The vehicle components illustrated in FIG. 1 may be configured to enable at least three different operating modes related to fuel vapor storage and purging. Such modes include an adsorption mode, a canister purge mode, and a condensate return mode. The functional features of these modes, according to one example embodiment, are illustrated schematically in FIG. 4 and are further described herein. The functioning of electronic control system 152 in each mode, according to the same example embodiment, is illustrated in FIG. 5 by way of a flow chart.

FIG. 4 items 402-404 illustrate adsorption mode, wherein fuel vapor is continuously or intermittently emitted from the liquid fuel in fuel tank 112. In this mode, purge valve 112 is held closed. When purge valve 112 is closed, gas containing fuel vapor passes through fuel vapor control valve 140 and into vapor inlet 136 of adsorbent canister 132, where fuel vapors are adsorbed by the adsorbent contained therein. The pressure inside the adsorbent canister is maintained close to atmospheric pressure because adsorbent canister air inlet 142 communicates with air inlet filter 140. During this mode, valve 140 may be adjusted to vary the amount of flow admitted to the canister 132.

FIG. 4 items 406-424 illustrate canister purge mode. In this mode, gas flows from flow separator warm outlet 118 and condenser gas outlet 126 through purge valve 112 and is admitted to intake 104, which is maintained at reduced pressure by engine 102. As a result, air from the atmosphere flows into air inlet filter 140, through leak detector 146 and matrix 144, and into adsorbent canister 132. Such air flow effects desorption of adsorbed fuel from the adsorbent. Flowing air, now mixed with desorbed fuel vapor is referred to as the purge stream. The purge stream exits the adsorbent canister through adsorbent canister outlet 138 and enters flow separator inlet 116. From there, the purge stream enters flow separator internal cavity 202, where it is separated into two flows: a lower-volume flow that exits flow separator warm outlet 118 and a higher-volume flow that exits flow separator cool outlet 120. Due to the vortex effect, the lower-volume flow from the warm outlet is warmer than the admitted purge stream, and the higher-volume flow from the cool outlet is cooler than the admitted purge stream.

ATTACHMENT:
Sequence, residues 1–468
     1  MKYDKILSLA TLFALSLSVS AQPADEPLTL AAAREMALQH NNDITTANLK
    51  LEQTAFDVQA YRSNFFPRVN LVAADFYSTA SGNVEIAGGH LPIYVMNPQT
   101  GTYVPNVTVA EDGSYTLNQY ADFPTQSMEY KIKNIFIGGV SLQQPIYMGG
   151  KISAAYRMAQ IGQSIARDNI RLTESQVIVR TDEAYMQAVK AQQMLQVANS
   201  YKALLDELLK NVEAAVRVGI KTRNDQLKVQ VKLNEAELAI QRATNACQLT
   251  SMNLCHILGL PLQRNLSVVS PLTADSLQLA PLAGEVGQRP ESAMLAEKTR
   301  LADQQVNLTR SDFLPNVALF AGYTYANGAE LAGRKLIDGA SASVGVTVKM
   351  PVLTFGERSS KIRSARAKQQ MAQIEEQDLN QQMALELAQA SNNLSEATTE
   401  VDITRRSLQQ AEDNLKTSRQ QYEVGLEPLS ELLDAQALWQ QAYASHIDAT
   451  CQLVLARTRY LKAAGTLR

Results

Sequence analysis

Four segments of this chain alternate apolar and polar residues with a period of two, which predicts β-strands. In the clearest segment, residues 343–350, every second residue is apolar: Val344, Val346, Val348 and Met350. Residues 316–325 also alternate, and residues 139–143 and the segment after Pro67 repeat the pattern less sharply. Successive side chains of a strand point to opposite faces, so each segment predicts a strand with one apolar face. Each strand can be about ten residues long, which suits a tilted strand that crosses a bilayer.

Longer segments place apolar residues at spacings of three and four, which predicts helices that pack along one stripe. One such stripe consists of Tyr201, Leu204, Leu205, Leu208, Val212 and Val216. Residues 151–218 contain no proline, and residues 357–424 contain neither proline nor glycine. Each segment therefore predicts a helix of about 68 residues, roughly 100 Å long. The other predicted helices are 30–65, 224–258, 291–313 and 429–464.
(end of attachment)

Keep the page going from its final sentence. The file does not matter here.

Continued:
Also during canister purge, effluent from flow separator cool outlet 120 flows through condenser 122 from condenser inlet 124 to condenser gas outlet 126. By the action of flow separator 114, such effluent may have cooled to temperatures at which condensation of one or more fuel vapor components is spontaneous at pressures experienced within condenser 122. If so, such fuel vapor components may liquefy inside the condenser. During canister purge, condensate return valve 128 remains closed, resulting in an accumulation of fuel condensate within condenser 122. Also during canister purge, effluent from condenser gas outlet 126 is combined with effluent from flow separator warm outlet 118 and admitted to intake 104 through purge valve 112, whereupon uncondensed fuel vapor from the purge stream is consumed in engine 102. During this mode, the amount of flow delivered to the engine may be adjusted by varying operation of valve 112.